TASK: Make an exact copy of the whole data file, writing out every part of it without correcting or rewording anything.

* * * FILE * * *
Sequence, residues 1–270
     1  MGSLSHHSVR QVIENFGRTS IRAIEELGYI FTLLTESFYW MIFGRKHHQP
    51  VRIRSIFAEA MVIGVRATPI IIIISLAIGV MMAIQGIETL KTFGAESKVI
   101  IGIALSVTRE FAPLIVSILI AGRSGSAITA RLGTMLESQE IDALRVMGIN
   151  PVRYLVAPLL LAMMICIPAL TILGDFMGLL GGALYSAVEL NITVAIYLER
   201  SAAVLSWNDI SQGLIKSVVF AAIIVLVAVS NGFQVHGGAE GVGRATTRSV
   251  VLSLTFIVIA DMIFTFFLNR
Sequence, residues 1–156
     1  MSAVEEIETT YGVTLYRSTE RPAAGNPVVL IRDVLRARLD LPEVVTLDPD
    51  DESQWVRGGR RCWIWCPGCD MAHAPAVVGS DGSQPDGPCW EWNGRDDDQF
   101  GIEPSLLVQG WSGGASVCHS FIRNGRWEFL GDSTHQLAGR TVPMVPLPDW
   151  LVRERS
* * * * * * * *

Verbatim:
Sequence, residues 1–270
     1  MGSLSHHSVR QVIENFGRTS IRAIEELGYI FTLLTESFYW MIFGRKHHQP
    51  VRIRSIFAEA MVIGVRATPI IIIISLAIGV MMAIQGIETL KTFGAESKVI
   101  IGIALSVTRE FAPLIVSILI AGRSGSAITA RLGTMLESQE IDALRVMGIN
   151  PVRYLVAPLL LAMMICIPAL TILGDFMGLL GGALYSAVEL NITVAIYLER
   201  SAAVLSWNDI SQGLIKSVVF AAIIVLVAVS NGFQVHGGAE GVGRATTRSV
   251  VLSLTFIVIA DMIFTFFLNR
Sequence, residues 1–156
     1  MSAVEEIETT YGVTLYRSTE RPAAGNPVVL IRDVLRARLD LPEVVTLDPD
    51  DESQWVRGGR RCWIWCPGCD MAHAPAVVGS DGSQPDGPCW EWNGRDDDQF
   101  GIEPSLLVQG WSGGASVCHS FIRNGRWEFL GDSTHQLAGR TVPMVPLPDW
   151  LVRERS